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And rescu'd from despair, attend your highness.
Alas! my gracious lord, what have I done
To kindle such relentless wrath against me?

Glos. Marry, there are, though I believe them not,
Who say you meddle in affairs of state:
That you presume to pratlle like a busy-body,
Give your advice, and teach the lords o’lhe council
What fits the order of the commonweal.

Jane S. Oh, that the busy world, at least in this,
Would take example from a wretch like me?
None then would waste their hours in foreign thoughts,
Forget themselves, and what concerns their peace,
To search, with prying eyes, for faults abroad,
If all, like me, consider'd their own hearts,
And wept their sorrows which they found at home.

Glos. Go to; I know your pow'r; and though I trust
To ev'ry breath of fame, I'm not to learn (not
That Hastings is profess’d your loving vassal.
But fair befall your beauty: use it wisely,
And it may stand your fortunes much in stead,
Give back your forfeit land with large increase,
And place you high in safety and in honour.
Nay, I could point a way, the which pursuing,
You shall not only bring yourself advantage,
But give the realm much worthy cause to thank you.

Jane S. Oh! where or how--can my unworthy hand
Become an instrument of good to any?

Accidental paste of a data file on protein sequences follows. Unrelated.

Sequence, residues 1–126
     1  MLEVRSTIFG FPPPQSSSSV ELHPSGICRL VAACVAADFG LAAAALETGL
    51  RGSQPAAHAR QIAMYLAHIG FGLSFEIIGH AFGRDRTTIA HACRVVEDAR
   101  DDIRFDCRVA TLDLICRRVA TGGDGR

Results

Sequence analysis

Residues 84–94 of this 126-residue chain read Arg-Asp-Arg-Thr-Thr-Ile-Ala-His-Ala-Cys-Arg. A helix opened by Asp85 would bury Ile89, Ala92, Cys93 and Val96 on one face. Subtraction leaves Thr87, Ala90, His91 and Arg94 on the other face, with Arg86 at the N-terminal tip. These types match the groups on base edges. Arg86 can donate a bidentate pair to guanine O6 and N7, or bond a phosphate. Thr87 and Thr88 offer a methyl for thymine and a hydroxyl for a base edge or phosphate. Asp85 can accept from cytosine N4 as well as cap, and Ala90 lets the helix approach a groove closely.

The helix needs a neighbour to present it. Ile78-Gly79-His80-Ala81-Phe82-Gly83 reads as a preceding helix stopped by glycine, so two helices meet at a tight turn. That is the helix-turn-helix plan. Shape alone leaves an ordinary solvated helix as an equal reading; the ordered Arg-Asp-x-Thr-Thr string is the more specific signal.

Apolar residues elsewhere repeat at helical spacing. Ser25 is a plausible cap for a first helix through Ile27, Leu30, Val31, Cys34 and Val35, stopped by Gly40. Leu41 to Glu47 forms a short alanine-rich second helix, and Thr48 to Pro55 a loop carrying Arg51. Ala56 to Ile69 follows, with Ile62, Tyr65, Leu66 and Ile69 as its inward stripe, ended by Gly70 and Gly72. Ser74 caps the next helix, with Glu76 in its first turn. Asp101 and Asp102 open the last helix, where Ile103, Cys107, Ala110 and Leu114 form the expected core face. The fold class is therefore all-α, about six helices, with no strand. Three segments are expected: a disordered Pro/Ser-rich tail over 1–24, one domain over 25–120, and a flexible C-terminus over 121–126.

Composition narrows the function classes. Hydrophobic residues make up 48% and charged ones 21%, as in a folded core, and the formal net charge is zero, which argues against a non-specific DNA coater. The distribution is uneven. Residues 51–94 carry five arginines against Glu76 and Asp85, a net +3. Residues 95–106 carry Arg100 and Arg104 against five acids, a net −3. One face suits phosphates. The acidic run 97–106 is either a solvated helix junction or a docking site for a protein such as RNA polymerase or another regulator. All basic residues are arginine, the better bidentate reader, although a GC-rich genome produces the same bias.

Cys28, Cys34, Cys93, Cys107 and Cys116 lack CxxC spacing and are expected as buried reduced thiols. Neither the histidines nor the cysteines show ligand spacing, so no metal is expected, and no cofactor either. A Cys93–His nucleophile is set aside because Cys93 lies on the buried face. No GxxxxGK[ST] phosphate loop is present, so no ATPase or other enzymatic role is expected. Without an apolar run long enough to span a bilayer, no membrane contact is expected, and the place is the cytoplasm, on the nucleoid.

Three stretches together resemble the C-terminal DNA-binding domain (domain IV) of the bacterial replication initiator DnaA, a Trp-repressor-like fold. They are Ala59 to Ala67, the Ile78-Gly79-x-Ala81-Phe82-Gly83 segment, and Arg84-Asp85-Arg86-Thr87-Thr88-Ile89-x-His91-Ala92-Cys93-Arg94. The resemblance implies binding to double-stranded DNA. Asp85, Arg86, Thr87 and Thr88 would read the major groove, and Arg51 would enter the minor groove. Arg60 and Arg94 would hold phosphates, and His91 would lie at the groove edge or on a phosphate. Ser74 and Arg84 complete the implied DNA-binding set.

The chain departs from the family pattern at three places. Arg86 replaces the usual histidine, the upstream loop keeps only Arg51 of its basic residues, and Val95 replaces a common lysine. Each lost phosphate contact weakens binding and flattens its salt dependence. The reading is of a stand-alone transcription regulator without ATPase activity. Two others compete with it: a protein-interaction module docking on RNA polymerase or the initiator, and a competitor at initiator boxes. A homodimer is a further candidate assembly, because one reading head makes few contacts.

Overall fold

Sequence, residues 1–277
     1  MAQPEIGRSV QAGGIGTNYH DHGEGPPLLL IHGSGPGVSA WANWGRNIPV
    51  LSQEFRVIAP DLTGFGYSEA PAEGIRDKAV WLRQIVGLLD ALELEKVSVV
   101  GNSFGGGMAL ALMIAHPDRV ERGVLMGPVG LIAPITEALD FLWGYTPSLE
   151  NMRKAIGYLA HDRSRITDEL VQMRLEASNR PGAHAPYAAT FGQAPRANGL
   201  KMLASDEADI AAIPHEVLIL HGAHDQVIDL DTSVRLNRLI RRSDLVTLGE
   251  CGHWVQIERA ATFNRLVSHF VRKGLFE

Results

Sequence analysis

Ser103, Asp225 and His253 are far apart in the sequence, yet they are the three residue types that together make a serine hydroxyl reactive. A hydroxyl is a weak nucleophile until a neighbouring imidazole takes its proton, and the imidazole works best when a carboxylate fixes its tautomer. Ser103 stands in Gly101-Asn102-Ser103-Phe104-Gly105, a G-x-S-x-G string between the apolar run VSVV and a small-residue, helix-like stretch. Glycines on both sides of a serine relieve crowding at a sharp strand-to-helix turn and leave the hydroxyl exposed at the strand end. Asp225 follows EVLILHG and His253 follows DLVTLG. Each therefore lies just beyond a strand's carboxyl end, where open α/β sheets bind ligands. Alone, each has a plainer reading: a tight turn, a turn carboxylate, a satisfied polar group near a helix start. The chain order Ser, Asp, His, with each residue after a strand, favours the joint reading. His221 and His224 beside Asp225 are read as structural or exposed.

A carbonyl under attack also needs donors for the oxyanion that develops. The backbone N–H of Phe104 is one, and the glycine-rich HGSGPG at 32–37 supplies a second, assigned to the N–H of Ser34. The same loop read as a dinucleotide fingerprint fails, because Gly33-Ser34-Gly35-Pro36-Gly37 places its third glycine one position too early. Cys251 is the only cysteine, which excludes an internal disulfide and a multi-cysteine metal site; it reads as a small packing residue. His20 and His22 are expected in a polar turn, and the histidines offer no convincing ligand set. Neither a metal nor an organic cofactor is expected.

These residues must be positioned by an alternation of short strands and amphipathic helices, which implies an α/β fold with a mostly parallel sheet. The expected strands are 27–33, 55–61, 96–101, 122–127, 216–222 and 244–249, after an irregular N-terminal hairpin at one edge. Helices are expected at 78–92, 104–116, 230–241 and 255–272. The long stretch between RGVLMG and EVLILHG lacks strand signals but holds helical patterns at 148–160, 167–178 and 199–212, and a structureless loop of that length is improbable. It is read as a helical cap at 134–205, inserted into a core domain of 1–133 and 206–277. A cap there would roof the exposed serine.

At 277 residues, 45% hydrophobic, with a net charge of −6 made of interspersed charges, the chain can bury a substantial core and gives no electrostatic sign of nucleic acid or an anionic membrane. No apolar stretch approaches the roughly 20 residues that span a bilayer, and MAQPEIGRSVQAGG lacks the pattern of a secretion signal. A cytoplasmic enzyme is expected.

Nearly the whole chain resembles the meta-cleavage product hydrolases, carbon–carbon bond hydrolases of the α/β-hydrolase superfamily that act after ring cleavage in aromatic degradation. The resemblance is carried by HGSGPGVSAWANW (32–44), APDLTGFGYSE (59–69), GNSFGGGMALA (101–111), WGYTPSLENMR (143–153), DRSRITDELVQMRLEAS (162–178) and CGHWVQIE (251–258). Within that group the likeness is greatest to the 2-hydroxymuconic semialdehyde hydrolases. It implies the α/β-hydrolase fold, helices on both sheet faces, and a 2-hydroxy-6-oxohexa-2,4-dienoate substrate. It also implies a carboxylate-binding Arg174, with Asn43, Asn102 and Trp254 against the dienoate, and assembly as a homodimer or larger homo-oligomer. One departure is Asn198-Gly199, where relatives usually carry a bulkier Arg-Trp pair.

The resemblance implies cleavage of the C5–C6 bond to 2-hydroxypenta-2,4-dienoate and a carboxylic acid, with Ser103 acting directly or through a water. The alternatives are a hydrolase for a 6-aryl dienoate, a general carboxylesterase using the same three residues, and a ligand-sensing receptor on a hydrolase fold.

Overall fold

Instruct your lowly slave, and let me fly
To yield obedience to your dread command.

Glos. Why, that's well saidThus then-Obserse me
The state, for many high and potent toasons,
Deeming my brother Edward's sons unfit
For the imperial weight of England's crown-

Jane S. Alas! for pity.

Glos. Therefore have resolv'd
To set aside their unavailing infancy,
And vest the sov’reign rule in abler hands.
This, though of great importance to the public,
Hastings, for very peevishiness and spleen,
Does stubbornly oppose.


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Jane S. Does be? Does Hastings?
Glos. Ay, Hastings.

Jane S. Reward hiin for the noble deed, just heav'ns:
For this one action, guard him and distinguish bim
With signal mercies, and with great deliverance,
Save him from wrong, adversity, and shame,
Let never fading honours flourish round him,
And consecrate his name, ev'n to time's end.

Glos. How now!

Jane S. The poor, forsaken, royal little ones!
Shall they be left a prey to savage power?
Can they lift up their harınless hands in vain,
Or cry to heaven for help, and not be heard?
Inpossible! O gallant, generous Haslings,
Go on, pursue, assert the sacred cause:
Stand forth, thoa proxy of all-ruling Providence,
And save the friendless infants from oppression.
Saints sball assist thee with prevailing prayers,
And warring angels combat on thy side.

Glos. You're passing richin this same heav'nly speech,
And spend it at your pleasure. Nay, but mark me!
My favour is not bought with words like these.
Go tom-you'll teach your longue another tale.